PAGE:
How many punctuation dashes do you know? Most people will be familiar with the hyphen, however, did you know that there are actually three of this type of punctuation? The hyphen, the en dash and the em dash.
These three similar marks are actually used for different reasons, and often incorrectly I might add! Some may think it unimportant, however, for the pedantic grammar lovers – it is the difference between right and wrong!
So, here is a brief overview of the three different dashes:
- The hyphen (-)
This is normally used for linking parts of words, especially compound words such as ‘well-being’. The other main use is word division (if a word is split across two lines). Most common situations to hyphenate are when a word is conventionally hyphenated, when using a compound adjective before the word it modifies, and for clarity. The exception to this rule is when the compound adjective begins with an adverb ending in -ly. The prefixes ‘ex’ and ‘self’ are always followed by hyphens whilst others such as ‘re’, ‘anti’ and ‘un’ depend on the word. They should also be used when referring to ages of time spans (seven-year-old girl).
- The en dash (–)
This is used mainly to indicate three things: range of numbers (Henry VIII, 1509 – 1547), scores (Ireland won 4 – 0), and conflict or connection (eg. Liberal – conservative). It can also link words in compound adjectives that include open compound or proper nouns, and in UK English it is sometimes used instead of parentheses or commas. It is also typically expressed with spaces on either side – like this.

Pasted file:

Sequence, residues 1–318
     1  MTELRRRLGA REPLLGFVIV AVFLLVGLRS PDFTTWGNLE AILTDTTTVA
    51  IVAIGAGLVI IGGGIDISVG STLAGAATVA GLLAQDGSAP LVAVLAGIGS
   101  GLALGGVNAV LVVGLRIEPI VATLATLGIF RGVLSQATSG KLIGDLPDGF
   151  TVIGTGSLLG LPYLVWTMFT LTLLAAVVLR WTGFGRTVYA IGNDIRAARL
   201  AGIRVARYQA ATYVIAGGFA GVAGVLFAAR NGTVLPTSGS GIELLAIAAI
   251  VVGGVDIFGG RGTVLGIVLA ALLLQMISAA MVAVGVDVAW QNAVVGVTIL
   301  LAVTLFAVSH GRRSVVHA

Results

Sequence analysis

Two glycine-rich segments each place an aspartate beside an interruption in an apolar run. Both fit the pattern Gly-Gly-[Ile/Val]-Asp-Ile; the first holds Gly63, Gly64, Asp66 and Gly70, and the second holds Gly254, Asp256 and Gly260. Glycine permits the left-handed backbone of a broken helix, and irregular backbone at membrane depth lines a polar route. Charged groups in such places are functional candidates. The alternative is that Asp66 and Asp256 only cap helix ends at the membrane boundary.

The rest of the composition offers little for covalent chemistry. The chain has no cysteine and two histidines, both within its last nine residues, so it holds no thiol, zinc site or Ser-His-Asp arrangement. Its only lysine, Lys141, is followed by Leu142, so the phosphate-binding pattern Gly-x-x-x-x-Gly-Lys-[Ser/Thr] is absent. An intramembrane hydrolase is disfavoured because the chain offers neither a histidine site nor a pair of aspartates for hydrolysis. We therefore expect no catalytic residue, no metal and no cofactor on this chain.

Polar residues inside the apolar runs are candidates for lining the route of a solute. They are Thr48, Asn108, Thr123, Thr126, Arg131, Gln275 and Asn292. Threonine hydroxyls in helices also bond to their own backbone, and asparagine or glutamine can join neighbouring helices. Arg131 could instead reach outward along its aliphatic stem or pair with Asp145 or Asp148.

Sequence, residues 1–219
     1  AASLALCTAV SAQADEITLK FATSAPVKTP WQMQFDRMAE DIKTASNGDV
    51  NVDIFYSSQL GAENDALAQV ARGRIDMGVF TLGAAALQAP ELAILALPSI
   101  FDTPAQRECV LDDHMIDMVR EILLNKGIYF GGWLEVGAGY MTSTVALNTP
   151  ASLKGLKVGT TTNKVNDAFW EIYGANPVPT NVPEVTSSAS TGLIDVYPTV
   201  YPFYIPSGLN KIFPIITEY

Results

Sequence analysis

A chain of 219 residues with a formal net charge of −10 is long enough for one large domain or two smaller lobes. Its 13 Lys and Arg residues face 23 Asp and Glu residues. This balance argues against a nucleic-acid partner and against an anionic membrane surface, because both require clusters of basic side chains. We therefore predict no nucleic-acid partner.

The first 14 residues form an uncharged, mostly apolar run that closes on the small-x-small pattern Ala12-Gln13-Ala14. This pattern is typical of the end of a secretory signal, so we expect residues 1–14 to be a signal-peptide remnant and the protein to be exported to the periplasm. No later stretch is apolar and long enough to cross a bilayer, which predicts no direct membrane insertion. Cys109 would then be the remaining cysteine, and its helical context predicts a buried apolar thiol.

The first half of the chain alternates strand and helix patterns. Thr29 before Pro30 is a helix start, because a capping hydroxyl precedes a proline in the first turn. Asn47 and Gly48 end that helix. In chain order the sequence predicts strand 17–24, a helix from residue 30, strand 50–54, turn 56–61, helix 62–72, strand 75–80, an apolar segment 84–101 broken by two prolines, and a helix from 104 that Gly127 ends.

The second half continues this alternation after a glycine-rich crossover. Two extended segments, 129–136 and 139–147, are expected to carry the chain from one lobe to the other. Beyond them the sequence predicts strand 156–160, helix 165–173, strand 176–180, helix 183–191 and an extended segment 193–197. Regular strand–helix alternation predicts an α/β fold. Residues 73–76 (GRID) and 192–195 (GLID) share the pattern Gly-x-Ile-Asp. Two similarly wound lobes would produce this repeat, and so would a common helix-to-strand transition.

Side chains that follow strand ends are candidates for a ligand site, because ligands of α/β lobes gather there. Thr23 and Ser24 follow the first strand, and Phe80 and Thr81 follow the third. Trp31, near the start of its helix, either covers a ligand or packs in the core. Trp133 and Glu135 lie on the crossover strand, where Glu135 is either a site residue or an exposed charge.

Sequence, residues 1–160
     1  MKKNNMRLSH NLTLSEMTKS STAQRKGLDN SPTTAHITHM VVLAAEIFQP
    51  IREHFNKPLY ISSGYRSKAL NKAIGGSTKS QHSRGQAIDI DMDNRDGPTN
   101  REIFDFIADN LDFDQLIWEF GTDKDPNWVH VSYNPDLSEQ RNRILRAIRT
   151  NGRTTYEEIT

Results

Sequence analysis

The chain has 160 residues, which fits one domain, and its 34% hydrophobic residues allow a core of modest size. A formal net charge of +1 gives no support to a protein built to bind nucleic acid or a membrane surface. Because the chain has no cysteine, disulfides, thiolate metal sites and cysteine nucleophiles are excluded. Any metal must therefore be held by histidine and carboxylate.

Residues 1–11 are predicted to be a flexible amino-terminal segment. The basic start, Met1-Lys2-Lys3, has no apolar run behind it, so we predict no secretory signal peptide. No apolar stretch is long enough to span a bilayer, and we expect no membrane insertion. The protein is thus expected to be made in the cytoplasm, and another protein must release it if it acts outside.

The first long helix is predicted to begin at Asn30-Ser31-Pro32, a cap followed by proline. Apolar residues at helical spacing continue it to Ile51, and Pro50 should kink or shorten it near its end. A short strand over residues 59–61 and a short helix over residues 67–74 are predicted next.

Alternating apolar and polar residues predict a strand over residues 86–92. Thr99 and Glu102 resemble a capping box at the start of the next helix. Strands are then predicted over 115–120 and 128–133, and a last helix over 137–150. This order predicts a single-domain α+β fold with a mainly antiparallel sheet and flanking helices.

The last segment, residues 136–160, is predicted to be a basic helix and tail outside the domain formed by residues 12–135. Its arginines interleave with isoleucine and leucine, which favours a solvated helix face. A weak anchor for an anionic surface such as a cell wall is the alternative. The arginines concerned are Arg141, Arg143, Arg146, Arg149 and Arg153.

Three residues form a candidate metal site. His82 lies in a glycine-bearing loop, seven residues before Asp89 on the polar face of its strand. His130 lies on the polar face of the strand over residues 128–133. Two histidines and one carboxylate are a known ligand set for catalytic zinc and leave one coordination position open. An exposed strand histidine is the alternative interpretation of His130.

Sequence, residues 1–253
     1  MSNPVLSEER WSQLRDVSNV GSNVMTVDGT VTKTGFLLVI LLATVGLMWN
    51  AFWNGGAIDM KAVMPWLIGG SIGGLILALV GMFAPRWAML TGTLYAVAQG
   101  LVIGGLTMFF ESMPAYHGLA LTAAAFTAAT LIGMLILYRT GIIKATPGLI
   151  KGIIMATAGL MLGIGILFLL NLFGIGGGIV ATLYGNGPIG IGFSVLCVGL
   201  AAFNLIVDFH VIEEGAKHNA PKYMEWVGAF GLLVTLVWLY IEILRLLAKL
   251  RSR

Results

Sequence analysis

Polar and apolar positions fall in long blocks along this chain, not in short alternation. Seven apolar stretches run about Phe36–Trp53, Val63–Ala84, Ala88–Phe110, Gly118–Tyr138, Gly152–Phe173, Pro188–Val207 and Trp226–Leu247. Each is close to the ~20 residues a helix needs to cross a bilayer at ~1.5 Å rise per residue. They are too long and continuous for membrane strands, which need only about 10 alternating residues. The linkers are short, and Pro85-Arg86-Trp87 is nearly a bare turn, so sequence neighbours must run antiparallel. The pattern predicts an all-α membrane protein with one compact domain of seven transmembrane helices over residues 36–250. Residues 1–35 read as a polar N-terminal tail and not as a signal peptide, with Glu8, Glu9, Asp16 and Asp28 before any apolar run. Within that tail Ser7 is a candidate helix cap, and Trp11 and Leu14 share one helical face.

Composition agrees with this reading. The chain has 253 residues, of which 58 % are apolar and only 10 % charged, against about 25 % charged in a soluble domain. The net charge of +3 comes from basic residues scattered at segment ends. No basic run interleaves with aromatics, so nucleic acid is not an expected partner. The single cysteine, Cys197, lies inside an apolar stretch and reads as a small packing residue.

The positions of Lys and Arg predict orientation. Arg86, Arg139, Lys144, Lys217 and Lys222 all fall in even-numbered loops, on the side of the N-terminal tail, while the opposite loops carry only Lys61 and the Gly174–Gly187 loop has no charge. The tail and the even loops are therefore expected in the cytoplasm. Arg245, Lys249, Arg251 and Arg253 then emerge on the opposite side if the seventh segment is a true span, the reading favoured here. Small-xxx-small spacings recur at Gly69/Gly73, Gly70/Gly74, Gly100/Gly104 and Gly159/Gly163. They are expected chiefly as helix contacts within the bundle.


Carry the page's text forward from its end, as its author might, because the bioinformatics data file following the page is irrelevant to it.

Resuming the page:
- The em dash (—)
The em dash is perhaps the most versatile punctuation mark. Depending on the context, the em dash can take the place of commas, parentheses, or colons, and in each case to slightly different effect. Whilst the en dash takes on this form in UK English, the em dash is more regularly used in US English. It is normally expressed with no spaces on either side—like this.